Book review – Wilding: the return of nature to a British farm
This is the rather wonderful story of what happens on a farm where the owners decided to do less, and ended up with much more than they imagined was possible.
Inheriting a fantastically large farm (by Irish standards anyway) in the late eighties, the nineties saw the author, Isabella Tree, and her husband Charlie Burrell farm their 3,500 acres in a largely conventional way – intensifying and maximising efficiency, with a focus on dairy. By the late nineties however, it was clear that their marginal land could no longer support this capital-intensive business and deliver a decent profit.
The story gets going in the early noughties, when the Knepp estate gives up on dairying after looking at the possibility of yet another million-pound investment to intensify further and gain efficiency by moving from three dairies to two. Selling all their cattle and dairying equipment, they start over from scratch. Looking at what they want to preserve, and how some experimental projects in Europe are going, gives them the initial seeds of ideas for what to do.
Knepp is slowly let go wild, but with the benefits of some continued support from CAP payments, and a somewhat structured approach. Their farm is divided into 3 large blocks, managed somewhat independently of each other. They looked at the whole ecosystem, and realised that larger animal species that would have lived there previously were missing. Old-breed grazing animals have been used to create habitat, restoring natural processes long lost from our landscapes. They focused on older breeds, like Longhorn Cattle and Exmoor Ponies. These species were relatively hardy, and they tried to intervene as little as possible, letting them roam free on the estate. Too many animals would turn the estate back to grassland; too few and it will become closed canopy forest. Getting the balance right allows them to maintain a rich and diverse wood pasture landscape. They also sell about 75 tonnes of free roaming, pasture fed meat each year, which allows them to manage numbers and provides a valuable source of income.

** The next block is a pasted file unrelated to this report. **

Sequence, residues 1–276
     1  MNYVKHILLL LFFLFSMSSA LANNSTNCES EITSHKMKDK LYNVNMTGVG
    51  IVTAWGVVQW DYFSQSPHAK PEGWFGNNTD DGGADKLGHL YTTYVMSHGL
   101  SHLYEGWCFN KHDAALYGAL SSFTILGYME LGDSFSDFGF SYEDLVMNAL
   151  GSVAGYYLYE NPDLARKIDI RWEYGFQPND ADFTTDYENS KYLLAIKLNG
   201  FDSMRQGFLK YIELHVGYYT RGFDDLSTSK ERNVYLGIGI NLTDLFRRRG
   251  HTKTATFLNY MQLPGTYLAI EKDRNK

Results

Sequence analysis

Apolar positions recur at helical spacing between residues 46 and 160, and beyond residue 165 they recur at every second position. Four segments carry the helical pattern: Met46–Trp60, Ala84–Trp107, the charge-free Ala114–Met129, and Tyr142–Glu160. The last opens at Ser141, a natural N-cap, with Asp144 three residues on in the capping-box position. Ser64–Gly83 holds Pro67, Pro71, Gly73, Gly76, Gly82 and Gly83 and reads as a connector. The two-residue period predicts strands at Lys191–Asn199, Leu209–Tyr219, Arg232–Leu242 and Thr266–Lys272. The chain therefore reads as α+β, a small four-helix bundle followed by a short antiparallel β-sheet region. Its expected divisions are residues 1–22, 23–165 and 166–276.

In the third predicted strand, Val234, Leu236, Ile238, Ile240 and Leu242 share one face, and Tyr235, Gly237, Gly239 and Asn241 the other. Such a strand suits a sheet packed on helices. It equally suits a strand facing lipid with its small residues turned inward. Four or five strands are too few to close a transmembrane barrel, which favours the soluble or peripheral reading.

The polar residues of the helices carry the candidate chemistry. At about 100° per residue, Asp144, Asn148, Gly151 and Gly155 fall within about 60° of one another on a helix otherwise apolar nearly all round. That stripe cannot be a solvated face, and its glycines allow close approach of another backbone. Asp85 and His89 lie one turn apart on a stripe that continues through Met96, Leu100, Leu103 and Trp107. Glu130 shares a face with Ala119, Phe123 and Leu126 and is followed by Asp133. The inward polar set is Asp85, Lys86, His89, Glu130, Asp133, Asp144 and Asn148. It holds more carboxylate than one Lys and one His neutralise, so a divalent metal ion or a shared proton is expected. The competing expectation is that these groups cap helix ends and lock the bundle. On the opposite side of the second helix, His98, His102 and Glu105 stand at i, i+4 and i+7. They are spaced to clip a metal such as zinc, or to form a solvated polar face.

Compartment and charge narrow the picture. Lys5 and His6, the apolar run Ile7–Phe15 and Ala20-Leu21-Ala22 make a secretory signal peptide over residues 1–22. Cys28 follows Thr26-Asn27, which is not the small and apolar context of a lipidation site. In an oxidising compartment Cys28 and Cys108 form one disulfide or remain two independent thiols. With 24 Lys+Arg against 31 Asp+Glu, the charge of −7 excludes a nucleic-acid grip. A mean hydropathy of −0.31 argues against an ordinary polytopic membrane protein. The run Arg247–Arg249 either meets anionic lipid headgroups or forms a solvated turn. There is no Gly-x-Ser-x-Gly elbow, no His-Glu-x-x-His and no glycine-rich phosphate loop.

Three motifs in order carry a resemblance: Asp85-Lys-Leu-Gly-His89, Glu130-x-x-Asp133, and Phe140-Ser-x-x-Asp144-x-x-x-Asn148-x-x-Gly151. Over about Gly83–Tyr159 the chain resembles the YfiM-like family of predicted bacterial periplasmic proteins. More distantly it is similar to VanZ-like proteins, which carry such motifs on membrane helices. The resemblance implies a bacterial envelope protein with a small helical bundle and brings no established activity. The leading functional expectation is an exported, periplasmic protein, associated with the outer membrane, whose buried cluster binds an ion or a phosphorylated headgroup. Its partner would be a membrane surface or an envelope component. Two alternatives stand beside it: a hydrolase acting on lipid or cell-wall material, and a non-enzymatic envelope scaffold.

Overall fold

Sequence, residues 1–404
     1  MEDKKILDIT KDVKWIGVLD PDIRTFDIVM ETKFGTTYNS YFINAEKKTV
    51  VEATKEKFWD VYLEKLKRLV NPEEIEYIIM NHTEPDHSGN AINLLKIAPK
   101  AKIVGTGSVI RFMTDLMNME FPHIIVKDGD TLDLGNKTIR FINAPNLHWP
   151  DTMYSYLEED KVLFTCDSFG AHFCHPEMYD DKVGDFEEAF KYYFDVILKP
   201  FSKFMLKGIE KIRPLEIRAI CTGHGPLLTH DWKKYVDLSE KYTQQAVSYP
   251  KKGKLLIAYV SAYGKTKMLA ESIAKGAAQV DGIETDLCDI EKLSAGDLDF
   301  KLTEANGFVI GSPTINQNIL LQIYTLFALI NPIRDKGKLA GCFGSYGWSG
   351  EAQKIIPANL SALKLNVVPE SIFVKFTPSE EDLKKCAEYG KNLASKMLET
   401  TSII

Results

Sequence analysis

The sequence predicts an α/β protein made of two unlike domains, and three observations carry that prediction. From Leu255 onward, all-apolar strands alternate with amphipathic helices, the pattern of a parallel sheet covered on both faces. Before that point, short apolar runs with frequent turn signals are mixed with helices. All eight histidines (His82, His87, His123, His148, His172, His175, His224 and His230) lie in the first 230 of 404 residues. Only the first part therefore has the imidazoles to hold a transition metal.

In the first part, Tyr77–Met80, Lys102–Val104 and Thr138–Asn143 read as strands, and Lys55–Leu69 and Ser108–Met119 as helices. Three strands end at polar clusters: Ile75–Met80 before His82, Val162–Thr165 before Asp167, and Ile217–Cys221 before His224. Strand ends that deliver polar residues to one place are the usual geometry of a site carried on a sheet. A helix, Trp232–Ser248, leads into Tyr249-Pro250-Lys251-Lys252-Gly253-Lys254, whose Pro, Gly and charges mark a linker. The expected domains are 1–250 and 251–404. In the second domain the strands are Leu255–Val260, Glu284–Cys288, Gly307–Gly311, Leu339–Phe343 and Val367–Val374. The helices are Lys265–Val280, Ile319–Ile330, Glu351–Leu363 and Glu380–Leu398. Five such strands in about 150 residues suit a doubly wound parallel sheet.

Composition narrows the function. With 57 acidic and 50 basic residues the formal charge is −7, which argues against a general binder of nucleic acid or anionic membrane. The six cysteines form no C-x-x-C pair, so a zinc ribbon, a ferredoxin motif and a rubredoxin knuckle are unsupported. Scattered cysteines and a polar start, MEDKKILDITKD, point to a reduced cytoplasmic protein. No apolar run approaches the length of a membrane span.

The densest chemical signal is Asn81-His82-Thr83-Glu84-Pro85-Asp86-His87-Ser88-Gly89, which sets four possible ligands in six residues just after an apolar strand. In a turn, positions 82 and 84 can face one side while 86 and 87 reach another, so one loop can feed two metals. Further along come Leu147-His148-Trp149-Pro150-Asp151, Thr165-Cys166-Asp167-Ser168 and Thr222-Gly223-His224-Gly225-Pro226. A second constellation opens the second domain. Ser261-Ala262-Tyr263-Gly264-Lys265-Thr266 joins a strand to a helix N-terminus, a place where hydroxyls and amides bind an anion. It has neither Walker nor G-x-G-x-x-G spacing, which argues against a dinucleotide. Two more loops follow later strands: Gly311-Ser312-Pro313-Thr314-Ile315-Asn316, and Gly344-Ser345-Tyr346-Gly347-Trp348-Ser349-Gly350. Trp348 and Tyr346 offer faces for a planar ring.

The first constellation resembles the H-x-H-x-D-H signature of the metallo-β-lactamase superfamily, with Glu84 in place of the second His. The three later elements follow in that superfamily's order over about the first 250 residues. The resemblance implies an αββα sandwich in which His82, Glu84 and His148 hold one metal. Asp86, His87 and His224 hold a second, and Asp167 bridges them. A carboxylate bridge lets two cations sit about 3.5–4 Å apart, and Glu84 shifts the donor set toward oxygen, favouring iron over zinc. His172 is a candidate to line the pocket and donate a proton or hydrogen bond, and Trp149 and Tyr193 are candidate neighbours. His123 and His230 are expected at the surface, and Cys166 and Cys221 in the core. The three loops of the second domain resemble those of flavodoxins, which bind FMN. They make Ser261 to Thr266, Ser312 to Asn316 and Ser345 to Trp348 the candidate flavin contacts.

One of the most surprising things about what they did is that there were no plans, or targets for wild species – the land was let go wild, and some of the best results were completely unplanned. Within a decade, some very rare species made Knepp their home, and the range of what lives there now is truly astounding –including some rare purple emperor butterflies, peregrine falcons, nightingales, and orchids.
The book also tells us the fascinating history of farming, fields and most especially the soil in England – telling the story of how the landscape has developed over millennia. It challenges the conventional wisdom of dark closed canopy forests and open pasture being in competition with each other, and instead outlining the idea of a more mixed wood-pasture system, with trees and pasture being part of one resilient, diverse, and complex ecosystem.
This is an inspiring book and is worth reading. Its most valuable lesson may be simply that nature does not need us to plan, set targets, or do much – it just needs some space, and to be largely left alone to its own devices. As Jeff Goldblum once said in Jurassic Park, ‘life finds a way…’.